U.S. Government civilian personnel and U.S. contractors are permanently assigned to Egypt to support the current EAF F-16 program. Those US positions have been filled for 26 years. There is an anticipated plus-up of US personnel in-country that would be necessary to support the arrival, bed-down and support of the increased number of F-16s resulting from this procurement. A majority of the plus-up personnel will be on temporary duty status and a small minority of the plus-up personnel will likely be required to remain in Egypt permanently. There is no expected negative impact that would result from these additional Americans being in Egypt. Additionally, US Government teams and US contractor teams routinely travel to Egypt to support the various US-provided weapon systems of the Egyptian military including the current F-16 fleet. There is no expected negative impact that would result from the continued presence of these Americans in Egypt.
Egypt planned to procure these 24 F-16 Block 50/52 aircraft and all related training, support and infrastructure improvements as a total package utilizing Foreign Military Financing. The Egyptians will only accept the offer for the procurement if the amortization of financing meets their established budgeted payment schedule. In order for the new aircraft to fire AIM-7 Sparrow as requested, a modification of the avionics package is required. This will affect the long range funding of this program and other large procurement programs currently in work. In addition, this system engineering would have to be reversed if the AIM-120 AMRAAM is purchased in the future. Egypt was not planning to use national funds to pay for any portion of this procurement. The economic impact of the proposed acquisition on the US was expected to infuse $2 billion into the US economy over the acquisition period.
The Office of Military Cooperation (OMC) Egypt has a robust Golden Sentry Program. The Golden Sentry Program representative and Security Assistance Officer (SAO) responsible for the program will coordinate for the review and maintenance of required documentation. All parties will maintain serial number lists of all components within the inventory or transferred and will conduct the mandated inspections as required. This coordination will ensure that historical copies of all EUM inspection results and customer,s physical security and accountability control plans remain on file. The Egyptian military currently has 195 F-16s in country. Egypt has maintained accountability and security of these aircraft without unauthorized loss, theft, or access to date. The GOE has expressed the willingness to meet U.S. guidelines for accountability and security of these new aircraft, and the Office of Military Cooperation will conduct End Use Monitoring of all required components if this request is approved.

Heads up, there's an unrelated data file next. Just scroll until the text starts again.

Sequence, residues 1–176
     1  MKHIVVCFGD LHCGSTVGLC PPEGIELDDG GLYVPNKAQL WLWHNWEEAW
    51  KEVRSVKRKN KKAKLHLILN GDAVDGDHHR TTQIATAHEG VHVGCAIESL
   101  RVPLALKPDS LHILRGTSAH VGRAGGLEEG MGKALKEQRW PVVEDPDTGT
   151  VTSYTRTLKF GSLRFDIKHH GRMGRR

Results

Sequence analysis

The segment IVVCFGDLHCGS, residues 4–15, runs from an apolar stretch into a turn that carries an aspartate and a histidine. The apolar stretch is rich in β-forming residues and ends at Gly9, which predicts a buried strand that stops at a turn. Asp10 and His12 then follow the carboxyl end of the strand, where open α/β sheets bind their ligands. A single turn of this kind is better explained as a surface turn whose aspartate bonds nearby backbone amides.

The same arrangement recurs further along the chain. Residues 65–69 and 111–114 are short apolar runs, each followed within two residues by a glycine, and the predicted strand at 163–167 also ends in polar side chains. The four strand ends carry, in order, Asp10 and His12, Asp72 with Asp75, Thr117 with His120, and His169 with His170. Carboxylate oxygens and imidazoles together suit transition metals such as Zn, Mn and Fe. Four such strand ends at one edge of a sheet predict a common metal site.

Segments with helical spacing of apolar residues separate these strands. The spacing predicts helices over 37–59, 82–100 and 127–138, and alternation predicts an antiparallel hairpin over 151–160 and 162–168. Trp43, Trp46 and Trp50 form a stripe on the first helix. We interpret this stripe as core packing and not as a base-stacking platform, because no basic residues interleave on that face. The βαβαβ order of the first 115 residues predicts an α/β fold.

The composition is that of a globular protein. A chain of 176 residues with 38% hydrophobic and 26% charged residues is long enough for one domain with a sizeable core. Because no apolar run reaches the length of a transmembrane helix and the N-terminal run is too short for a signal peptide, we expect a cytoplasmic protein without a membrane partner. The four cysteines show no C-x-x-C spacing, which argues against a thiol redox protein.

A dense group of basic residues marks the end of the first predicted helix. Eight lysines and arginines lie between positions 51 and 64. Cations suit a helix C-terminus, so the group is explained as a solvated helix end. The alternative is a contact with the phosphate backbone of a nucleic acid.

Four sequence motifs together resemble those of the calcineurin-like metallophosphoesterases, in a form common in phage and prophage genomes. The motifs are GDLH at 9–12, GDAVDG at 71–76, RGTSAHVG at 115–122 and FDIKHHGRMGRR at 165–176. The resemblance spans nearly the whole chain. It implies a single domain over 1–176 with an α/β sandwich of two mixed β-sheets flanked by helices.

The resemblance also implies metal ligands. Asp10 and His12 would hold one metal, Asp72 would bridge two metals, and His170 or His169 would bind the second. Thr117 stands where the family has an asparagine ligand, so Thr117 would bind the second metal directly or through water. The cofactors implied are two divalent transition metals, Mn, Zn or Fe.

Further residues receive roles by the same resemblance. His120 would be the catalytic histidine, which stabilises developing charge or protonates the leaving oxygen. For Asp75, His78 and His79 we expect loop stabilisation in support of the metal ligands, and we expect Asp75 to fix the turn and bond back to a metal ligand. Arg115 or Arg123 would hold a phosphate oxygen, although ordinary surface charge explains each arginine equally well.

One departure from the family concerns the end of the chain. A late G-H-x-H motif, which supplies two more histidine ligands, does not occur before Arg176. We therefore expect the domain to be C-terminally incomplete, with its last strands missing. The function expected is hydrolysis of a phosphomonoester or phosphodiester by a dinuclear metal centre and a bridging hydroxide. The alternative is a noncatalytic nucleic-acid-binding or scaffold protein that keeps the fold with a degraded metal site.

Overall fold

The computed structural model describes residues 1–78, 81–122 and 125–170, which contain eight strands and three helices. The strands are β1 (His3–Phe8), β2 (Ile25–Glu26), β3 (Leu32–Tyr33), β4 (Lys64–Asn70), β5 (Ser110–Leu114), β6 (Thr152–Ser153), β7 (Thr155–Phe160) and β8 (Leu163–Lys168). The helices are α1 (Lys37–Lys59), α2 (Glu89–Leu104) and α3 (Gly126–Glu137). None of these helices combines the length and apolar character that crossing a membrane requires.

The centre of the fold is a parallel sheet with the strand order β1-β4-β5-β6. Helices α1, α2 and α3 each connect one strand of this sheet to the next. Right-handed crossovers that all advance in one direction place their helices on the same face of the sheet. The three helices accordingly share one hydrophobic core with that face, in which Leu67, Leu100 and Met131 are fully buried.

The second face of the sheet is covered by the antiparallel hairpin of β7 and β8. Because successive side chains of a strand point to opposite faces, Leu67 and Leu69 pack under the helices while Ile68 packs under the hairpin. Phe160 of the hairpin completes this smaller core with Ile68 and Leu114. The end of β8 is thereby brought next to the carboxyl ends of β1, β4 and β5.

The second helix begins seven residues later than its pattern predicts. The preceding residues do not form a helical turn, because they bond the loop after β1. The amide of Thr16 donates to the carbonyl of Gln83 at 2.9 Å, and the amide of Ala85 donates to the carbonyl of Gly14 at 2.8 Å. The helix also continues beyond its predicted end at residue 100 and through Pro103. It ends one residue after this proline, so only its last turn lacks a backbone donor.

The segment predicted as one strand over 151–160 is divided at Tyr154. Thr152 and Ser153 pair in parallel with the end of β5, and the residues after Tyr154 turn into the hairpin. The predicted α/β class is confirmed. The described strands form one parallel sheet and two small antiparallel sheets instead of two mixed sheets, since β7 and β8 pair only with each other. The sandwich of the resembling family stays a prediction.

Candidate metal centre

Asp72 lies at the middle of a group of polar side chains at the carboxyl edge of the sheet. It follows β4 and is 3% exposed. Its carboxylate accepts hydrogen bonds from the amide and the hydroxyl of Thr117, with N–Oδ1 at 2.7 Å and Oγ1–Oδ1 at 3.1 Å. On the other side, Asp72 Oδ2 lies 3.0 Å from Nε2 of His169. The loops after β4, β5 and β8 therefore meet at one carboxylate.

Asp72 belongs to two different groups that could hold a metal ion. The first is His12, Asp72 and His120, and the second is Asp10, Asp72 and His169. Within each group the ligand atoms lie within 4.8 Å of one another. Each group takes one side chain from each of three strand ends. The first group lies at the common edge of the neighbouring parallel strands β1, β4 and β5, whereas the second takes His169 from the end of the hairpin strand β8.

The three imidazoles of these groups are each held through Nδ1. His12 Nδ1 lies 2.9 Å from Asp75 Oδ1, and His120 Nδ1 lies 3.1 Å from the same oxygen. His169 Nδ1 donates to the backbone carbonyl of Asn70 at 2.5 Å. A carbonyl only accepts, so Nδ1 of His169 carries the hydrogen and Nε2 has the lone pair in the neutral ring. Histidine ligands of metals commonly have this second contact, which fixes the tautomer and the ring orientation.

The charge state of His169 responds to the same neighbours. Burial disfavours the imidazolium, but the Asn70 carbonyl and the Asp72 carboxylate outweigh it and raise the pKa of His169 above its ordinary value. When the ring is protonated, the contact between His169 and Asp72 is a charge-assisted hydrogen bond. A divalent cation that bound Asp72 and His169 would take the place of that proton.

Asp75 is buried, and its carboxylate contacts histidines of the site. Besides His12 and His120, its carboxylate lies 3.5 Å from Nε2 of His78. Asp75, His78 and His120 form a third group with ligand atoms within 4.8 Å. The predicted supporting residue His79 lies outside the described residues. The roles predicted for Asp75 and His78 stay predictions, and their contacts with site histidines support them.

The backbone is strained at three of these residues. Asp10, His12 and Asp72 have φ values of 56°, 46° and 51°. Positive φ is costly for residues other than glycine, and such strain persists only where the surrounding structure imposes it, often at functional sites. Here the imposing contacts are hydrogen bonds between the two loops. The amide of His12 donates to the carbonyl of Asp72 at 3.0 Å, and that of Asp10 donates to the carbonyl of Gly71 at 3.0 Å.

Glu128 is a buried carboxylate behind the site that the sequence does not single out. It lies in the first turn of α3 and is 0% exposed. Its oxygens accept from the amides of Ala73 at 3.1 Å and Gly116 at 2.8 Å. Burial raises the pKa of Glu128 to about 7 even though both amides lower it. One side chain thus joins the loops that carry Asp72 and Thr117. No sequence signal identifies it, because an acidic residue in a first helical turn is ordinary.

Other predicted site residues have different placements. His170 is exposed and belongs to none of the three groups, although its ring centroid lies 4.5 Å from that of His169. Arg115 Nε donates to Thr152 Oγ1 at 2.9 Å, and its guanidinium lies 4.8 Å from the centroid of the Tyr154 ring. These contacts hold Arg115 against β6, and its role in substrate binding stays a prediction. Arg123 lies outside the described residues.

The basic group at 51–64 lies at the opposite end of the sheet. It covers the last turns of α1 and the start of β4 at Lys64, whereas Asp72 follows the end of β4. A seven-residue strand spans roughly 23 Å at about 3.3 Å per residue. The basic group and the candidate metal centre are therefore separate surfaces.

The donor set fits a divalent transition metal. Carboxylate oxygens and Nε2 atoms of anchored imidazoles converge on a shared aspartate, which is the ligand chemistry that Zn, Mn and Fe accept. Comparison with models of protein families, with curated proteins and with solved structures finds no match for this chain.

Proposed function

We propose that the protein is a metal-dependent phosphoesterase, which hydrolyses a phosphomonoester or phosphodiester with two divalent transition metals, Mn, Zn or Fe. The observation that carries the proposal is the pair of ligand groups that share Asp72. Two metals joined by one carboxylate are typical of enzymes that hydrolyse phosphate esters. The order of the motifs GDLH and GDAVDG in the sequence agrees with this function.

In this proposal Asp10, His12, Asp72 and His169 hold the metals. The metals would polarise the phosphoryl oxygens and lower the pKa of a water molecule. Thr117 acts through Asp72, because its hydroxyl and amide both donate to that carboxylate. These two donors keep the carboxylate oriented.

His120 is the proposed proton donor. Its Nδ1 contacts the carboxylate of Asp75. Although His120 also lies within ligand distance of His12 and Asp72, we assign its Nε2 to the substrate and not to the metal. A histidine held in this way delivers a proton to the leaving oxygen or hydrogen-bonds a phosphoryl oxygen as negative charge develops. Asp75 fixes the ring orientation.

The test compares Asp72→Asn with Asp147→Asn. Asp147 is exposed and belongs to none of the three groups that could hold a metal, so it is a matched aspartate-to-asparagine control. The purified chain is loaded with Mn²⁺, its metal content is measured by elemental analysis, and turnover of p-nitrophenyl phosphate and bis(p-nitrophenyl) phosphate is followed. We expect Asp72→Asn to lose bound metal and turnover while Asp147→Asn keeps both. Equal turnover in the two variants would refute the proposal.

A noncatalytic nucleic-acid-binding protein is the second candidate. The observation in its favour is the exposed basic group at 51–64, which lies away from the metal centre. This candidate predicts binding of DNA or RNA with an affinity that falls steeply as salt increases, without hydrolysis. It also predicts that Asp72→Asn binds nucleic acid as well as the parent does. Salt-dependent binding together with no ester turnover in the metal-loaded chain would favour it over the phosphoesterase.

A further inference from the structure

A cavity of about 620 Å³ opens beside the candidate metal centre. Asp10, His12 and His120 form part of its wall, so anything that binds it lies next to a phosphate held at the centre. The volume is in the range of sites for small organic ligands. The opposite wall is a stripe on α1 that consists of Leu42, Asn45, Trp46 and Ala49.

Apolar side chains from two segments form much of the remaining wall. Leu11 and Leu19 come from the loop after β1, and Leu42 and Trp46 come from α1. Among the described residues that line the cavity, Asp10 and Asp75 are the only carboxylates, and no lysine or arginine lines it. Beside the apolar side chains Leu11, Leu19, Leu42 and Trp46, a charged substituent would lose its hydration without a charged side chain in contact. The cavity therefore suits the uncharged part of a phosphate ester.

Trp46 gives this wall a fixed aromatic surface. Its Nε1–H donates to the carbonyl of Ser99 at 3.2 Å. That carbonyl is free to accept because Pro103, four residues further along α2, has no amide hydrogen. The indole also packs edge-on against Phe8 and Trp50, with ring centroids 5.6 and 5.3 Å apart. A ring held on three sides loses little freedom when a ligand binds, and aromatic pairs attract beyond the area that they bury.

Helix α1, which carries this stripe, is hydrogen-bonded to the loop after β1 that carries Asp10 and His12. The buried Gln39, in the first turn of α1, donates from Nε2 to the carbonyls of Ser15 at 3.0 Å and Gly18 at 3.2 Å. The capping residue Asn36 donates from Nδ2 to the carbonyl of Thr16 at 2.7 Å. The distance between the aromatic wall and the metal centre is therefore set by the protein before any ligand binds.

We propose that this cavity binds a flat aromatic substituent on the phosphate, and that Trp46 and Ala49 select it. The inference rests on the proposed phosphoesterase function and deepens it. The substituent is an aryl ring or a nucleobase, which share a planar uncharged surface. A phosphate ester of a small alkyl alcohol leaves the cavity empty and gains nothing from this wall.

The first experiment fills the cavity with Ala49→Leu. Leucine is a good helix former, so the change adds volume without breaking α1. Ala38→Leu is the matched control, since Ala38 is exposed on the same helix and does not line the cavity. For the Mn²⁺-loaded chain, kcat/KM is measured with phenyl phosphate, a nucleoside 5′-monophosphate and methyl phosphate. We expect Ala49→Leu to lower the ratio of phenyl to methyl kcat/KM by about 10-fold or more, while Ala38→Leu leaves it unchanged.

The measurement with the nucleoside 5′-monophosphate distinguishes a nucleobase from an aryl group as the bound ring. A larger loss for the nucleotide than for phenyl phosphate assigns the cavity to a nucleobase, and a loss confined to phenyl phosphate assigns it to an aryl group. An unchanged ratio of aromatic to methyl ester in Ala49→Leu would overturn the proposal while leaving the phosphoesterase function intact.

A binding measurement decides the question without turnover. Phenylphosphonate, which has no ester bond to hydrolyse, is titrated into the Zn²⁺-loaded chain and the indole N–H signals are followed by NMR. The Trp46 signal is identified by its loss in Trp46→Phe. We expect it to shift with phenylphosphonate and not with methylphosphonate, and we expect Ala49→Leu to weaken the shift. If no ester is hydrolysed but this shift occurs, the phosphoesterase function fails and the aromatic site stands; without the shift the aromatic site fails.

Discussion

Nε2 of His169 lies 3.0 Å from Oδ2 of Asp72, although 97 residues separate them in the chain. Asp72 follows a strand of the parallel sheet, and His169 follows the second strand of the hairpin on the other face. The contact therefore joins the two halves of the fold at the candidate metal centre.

This procurement will replace aircraft lost to attrition and will replace fighter aircraft that are beyond their useful life. It would also encourage the demilitarization of older aircraft. This procurement will dissuade Egypt from using national funds to buy fighters from another country. It will also increase the percentage of US-built equipment in the Egyptian inventory. The procurement may be seen as encouragement for Egypt to sign a CISMOA as well.
Although release of the AIM-120 AMRAAM to Egypt was by no means offered, promised or guaranteed to the GOE, MOD or EAF with this procurement, this procurement would create the possibility for Egypt to seek the AIM-120 should they sign a CISMOA in the future. The AIM-7 Sparrow capability currently requested is an option for this purchase; however AIM-120 capability is far superior and could be added with engineering modifications assuming a CISMOA is in place. The US supported the sale to the degree that MOD can afford the new equipment and still fund the follow-on support of all current Egyptian military programs. The US supported this sale if the cost does not jeopardize other important future procurements. The US Government is in a position to build a stronger relationship with the Government of Egypt by enabling the GOE to modernize its fighter aircraft fleet with the US-built and US-supported F-16 Block 50/52 aircraft.
On March 3rd, 2010 the U.S. government awarded an initial $213 million to Lockheed Martin for long-lead tasks for the production of 20 new Advanced Block 52 F-16 aircraft for Egypt. This marked the 53rd follow-on buy of F-16s by 14 repeat customers. The aircraft delivered to Egypt join the fleet of more than 4,400 F-16s representing 25 nations. The new aircraft order includes 16 F-16Cs and 4 F-16Ds, and will supplement the Egyptian Air Force's (EAF) existing fleet of F-16s and contribute to the modernization of the EAF. The final Egyptian F-16 under this contract will be delivered in 2013. Egypt was the first Arab country to purchaseF-16s through a Foreign Military Sales program called Peace Vector. The Egyptian Air Force received a total of 42 F-16s in its first order in 1980 and since then had purchased five more lots of aircraft, for a total of 240 F-16 Fighting Falcons.